World Premiere: ‘To Quiet The Quiet’ at The Williamston is mysterious and provocative
WILLIAMSTON, Mich.–It’s often quoted that memory is a curious or fickle thing. Some people remember the little details of an event, while others, maybe even someone sharing the same memory, remember it far differently or maybe not at all. Sometimes it’s all about perspective or even how healthy the mind is to remember it at all. To Quiet The Quiet, a world premiere play by Christy Hall, tackles this thought process as the first play of the new year at Williamston Theatre.
To Quiet The Quiet is the third premiere play in Williamston Theatre’s “Lucky Season 13.” Advertised as a psychological mystery, Hall’s play is her second play premiered at The Williamston in the past two years. Just over an hour in length, though short and seemingly pieced together, it all falls together in the “ah ha!” just before the climatic moment at the close.
The play opens up with Quinn (Steve Wojitas) helping Kathy (Brenda Lane) through a breathing exercise to calm down. Throughout the play, these breathing exercises are frequent and necessary to calm Kathy down. The sound designer, Jason Painter Price, used breathing sounds to enhance Kathy’s extreme need to focus on her breaths to “quiet the quiet.” He also added external noises that explode simultaneously as Kathy has her Tourette’s syndrome-like outbursts.
Quinn is demanding Kathy to recount events exactly as they happened. However, it’s unknown when the event in question took place. It’s all left to wonder what happened. Or, did something bad happen and she’s trying to make an alibi? Who is Quinn? Why is he there helping her? Details are twisted and explained and re-explained to make a believable story. A believable story for what? This question stays pregnant as the story changes, expands, and grows as more information is added. The pieces come together as the audience’s own memories have to decide what is actually happening or going to happen.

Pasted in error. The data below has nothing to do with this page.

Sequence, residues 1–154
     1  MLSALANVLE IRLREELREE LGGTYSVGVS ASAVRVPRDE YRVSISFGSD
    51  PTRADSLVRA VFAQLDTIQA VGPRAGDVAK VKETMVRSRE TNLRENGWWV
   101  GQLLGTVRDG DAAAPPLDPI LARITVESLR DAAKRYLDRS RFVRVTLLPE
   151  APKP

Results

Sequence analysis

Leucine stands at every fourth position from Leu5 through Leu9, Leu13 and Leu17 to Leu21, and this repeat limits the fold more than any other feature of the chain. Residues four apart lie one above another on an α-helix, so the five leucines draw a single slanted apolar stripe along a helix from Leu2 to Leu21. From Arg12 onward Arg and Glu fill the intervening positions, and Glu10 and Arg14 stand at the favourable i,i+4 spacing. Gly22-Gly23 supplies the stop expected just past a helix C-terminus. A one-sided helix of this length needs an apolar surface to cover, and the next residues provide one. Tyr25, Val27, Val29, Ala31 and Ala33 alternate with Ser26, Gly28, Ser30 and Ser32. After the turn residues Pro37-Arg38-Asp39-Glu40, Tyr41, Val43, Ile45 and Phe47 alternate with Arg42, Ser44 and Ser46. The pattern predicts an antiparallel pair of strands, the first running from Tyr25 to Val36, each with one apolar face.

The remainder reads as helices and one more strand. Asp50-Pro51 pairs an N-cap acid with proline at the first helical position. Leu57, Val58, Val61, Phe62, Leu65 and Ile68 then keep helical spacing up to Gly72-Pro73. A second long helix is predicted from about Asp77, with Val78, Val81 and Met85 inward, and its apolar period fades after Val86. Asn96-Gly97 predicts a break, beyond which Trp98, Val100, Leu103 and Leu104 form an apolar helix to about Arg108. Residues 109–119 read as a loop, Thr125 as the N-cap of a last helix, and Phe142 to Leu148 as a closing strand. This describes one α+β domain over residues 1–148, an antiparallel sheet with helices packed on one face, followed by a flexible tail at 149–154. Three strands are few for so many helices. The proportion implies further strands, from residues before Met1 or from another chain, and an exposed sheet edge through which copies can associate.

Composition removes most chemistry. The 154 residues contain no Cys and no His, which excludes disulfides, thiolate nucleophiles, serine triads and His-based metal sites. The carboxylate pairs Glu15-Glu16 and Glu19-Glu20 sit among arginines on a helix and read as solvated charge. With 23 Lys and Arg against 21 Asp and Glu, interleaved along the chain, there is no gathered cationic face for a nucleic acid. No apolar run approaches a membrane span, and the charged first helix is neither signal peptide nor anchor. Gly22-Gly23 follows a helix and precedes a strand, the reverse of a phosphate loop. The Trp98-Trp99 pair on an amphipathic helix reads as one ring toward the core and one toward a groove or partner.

Scenic designer Lex van Blommestein and set dresser Michelle Raymond worked hand in hand to successfully fill the small staging space with a very sparse, but comfortable apartment living area in the 1990’s right down to the sandstone coasters and the mini-Cabbage Patch collectible on a shelf; an apartment, the story later exposes, that Kathy’s ex-husband Todd (John Lepard) wants to take away from Kathy.
“Dead men can’t win,” Kathy says to Quinn and again to Todd. “Dead men can’t do anything at all.” Just like all mysteries, an obvious foreshadowing occurs while Kathy and Quinn are trying to sort out her memories which aren’t really memories at all.
The ending is surprising to say the least, but satisfying as all the pieces fall together. Everything becomes clear as Brenda Lane dominates the stage in the play’s final moments, deafening quieting the quiet, or better yet, probably the very opposite.
Even though February is the month of love, this is definitely not a love story with a happy ending. It’s a deep dark piece that showcases how the mind is a powerful thing.